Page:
There is something refreshing about a room full of wholesome, enthusiastic, well-groomed (guys in neat khakis and navy polos, girls in classic tartan skirts, white blouses and sweater vests), hands in the air, thoughtful questions, meanigful comments and feedback. What a delightful bunch!

The sponsering church terms itself now, not pentecostal, but a Reformational church, and are hungry for the deep truths of the gospel and for sung worship appropriate to its grand object. I began with Psalm 98, emphasizing throughout the central importance of the Psalms shaping and informing all "new songs" we contribute to the Church's worship (Click here for more hymns of the New Reformation: http://www.bondbooks.net/). Then we read Colossians 3:16, and examined the three functions of Psalms and hymns: codify doctrine, unify the church in every age, and glorify God. We discussed specific ways these three functions of hymns have been supplanted in recent years by postconservative, entertainment objectives.

I used Isaac Watts (Jesus Shall Reign, Alas and Did My Savior Bleed, and When I Survey the Wonderous Cross), Anna Waring, and then (with apologies) several of my own efforts. I explained the theological and imaginative thinking going on in my own head and heart as I work at writing a hymn. I also explained that it was not pumbing; there is no simple formula for writing poetry of any kind, and certainly none for a hymn, not for one that might find its way into the enduring canon of what Christians at their best would want to offer to God in sung worship.

We listened and read Creator God, Our Sovereign Lord, and King Jesus Reigns. Listen below.
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Click here to read full text of these and other hymns of the New Reformation: http://www.bondbooks.net/

Tuesday, April 7, 2009

Two Talks in Vancouver

March 21, 2009, the Clark County Home Educators and First Class Homeschool Co-op West, had me come to Vancouver, Washington for a morning seminar on the importance of honoring worthy heroes and another talk on fathers & sons, challenges we face in a sex and sports saturated world.

I drew material for the first session on heroes from chapter 21 in STAND FAST In the Way of Truth and from chapter 9 in HOLD FAST In a Broken World. The next session I drew from material in chapter 11 of STAND FAST, "Self-Control and Sex," based on Paul's admonitions about avoiding sexual immorality in I Thessalonians 4:1-12. Then I signed books and talked with readers.

One father came up afterward and, while attempting to say something to me, broke down in tears. We stepped aside and found a corner to chat for a while. His father left the home when he was three years old. He never remembers having received a hug or any sign of affection from his dad. He said he so much wants to be a better father to his sons than his father was to him.

Sunday, April 5, 2009

Tartan Day April 6, 2009


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from Duncan's War (chapter 2)

...Try as they might, the gloom lingered throughout the rest of the meal. Then Duncan heard it: the faint skirling of Ancient Grier’s pipes drifting down the brae and into the cottage.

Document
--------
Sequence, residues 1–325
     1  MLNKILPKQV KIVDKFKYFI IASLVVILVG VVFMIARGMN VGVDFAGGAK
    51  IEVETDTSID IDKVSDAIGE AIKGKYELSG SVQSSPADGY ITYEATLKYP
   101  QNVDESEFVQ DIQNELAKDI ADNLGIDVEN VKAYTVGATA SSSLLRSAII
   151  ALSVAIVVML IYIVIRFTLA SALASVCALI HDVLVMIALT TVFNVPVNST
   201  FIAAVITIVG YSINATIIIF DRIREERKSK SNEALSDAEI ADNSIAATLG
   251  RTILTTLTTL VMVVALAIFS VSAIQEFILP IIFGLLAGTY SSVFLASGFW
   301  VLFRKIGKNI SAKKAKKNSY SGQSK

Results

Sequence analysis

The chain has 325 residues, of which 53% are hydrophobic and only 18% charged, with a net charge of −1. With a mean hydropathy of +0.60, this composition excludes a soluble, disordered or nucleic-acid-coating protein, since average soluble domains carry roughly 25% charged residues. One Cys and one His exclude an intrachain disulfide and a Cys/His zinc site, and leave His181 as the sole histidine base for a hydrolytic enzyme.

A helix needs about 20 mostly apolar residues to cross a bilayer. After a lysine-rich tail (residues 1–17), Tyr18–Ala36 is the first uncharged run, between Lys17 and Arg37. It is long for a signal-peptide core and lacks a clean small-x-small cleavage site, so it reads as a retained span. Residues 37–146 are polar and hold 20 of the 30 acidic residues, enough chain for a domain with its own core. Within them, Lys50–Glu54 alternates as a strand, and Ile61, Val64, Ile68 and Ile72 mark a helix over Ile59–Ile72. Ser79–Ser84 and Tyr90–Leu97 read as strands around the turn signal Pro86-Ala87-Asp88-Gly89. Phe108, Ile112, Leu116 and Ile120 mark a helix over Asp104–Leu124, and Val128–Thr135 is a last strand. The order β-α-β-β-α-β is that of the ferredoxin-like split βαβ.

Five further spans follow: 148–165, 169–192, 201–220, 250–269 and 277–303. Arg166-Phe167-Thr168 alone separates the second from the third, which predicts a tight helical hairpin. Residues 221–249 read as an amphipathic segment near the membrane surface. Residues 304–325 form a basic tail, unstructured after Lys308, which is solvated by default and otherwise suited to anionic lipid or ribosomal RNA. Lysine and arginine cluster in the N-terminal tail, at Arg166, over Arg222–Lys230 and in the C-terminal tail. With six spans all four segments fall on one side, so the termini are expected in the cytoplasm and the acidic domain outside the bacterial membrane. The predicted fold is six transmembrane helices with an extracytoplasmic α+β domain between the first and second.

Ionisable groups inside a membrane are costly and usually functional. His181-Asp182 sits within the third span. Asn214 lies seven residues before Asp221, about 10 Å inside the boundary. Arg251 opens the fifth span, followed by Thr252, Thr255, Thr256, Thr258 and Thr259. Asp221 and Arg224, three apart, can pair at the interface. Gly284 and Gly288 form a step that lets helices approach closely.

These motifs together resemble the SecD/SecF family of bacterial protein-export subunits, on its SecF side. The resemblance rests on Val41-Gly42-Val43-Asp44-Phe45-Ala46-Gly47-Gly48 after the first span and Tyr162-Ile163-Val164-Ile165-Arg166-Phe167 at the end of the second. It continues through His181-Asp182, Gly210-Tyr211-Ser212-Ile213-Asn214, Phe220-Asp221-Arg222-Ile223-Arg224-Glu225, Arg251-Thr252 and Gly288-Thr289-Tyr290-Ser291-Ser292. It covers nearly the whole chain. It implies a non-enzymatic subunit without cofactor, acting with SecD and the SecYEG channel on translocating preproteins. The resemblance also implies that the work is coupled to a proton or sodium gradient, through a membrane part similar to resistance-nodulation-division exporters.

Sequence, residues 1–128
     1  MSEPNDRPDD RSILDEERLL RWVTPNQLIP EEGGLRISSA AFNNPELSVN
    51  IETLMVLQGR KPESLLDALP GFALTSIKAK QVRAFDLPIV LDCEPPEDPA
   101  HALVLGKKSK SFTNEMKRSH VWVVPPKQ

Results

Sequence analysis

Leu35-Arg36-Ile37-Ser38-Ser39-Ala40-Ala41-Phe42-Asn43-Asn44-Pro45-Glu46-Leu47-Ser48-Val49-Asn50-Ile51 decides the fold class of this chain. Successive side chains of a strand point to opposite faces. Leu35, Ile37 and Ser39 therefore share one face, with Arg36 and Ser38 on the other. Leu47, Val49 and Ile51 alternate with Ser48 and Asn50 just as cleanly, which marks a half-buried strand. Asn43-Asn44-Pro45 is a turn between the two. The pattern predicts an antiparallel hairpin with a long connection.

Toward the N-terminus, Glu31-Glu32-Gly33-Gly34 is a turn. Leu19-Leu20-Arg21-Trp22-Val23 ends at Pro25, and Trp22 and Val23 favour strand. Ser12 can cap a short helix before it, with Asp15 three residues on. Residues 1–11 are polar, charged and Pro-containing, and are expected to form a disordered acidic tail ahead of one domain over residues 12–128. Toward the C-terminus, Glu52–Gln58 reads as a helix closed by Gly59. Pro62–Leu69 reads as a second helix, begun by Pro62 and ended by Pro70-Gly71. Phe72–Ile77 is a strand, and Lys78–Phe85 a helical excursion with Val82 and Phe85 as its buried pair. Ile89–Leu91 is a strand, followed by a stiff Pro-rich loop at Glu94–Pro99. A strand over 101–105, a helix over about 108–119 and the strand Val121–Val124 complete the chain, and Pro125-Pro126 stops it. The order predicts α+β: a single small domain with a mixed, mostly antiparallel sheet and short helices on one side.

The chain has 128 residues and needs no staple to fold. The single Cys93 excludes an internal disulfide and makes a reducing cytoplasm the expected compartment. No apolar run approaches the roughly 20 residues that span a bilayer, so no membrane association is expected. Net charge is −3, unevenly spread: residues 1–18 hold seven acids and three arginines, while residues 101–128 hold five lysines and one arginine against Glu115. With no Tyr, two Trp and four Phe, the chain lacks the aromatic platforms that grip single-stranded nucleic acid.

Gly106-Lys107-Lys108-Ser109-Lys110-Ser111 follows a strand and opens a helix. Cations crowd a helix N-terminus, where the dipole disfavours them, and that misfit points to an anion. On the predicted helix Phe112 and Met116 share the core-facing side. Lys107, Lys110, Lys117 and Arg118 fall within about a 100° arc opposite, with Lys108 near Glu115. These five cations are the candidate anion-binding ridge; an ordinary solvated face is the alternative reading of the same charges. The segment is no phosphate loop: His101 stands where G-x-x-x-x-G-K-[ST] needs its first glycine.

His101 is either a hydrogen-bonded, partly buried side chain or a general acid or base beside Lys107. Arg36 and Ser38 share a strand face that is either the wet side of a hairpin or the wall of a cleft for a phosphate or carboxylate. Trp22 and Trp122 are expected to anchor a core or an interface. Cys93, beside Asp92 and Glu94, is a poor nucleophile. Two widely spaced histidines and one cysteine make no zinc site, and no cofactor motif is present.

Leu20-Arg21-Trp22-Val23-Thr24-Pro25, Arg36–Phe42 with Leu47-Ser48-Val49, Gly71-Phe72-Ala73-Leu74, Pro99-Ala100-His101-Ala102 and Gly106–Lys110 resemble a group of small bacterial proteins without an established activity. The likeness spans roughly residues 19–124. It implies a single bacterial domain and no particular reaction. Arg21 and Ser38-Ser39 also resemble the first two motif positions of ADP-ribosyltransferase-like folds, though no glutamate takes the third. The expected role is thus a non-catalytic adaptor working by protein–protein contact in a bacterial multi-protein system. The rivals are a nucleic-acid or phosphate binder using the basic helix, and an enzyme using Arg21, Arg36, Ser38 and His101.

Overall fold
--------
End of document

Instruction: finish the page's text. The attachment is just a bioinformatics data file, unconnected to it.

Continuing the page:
“There now, Grier approaches fit to wake the dead from here to Dumfries,” said Duncan’s mother, clearing the table.

“He’ll tell us stories,” said Jenny hopefully.

Duncan's father's eyes clouded slightly.

"Won't he, Father?" Jenny persisted.

“After prayers,” said her father shortly.

Ancient Grier halted outside their croft, the piping now sounding loud and alarming. Duncan's heart beat faster. The wailing of pipes always made him wish he had a two-fisted broad sword in hand and a pack of English or Covenant breakers to throw himself at; he wasn’t overly particular which.

He and his sisters, Angus toddling behind, ran to the door and threw it open. A path of light fell on the old man, his face red and cheeks bulging as he blew air into the sheep stomach of his bagpipes. Lit up against the dusk, he marched in place as he played, until with a deflating screech, not unlike the sound of a goose at the chopping block, the tune came to an end.

“Peace be on this house!” said the old man as they welcomed him i

nto the cottage.

After brief conversation about spring planting, goat kids and lambs, they sat down around the table. Duncan's father said solemnly, "Let us worship God." He then led the family in a prayer full of devotion and hope, his voice rising and falling with passion as he prayed. When he finished, he took the family Bible in his great hands and opened it slowly and carefully as if it were some rare and delicate treasure, easily broken if misused.

"Hear the Word of our Lord from the Proverbs of Solomon, the sixteenth chapter," he said, reverence and firmness in his voice. "'Better to be lowly in spirit and among the oppressed than to share plunder with the proud.'" Duncan's father paused, eyeing his son over the sacred pages...

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from STAND FAST In the Way of Truth (chapter 8)


...John Neilson of Corsock made his choice. After the Restoration in 1660, Neilson refused to bow to the adulterer King Charles II, the usurper of the “crown rights of the Redeemer in his Kirk.” For Neilson’s stand, the king’s dragoons forced him from his ancestral castle in Glenkens, Scotland. Destitute, with his wife and children, he “took to the heather.” Hunted by the scourge of the Covenanters, James Turner, captain of the king’s garrison in Dumfries, Neilson not only lost all his lands and wealth for his loyalty to Christ’s Crown and Covenant, his wife died of exposure in their flight. Finally taken at Rullion Green, Neilson was marched to the Grassmarket in Edinburgh on December 14, 1666. Before his voice was drowned out by the ominous drum roll, he spoke boldly before the king’s henchmen. “If I had many worlds I would lay them all down, as now I do my life for Christ and his cause.”

This clear-sighted Scots laird was no fool. He gave what he could not keep to win what enriches for all eternity. Young man, be like this saintly man. Start by knowing your heart when it comes to money, and stop daydreaming about it...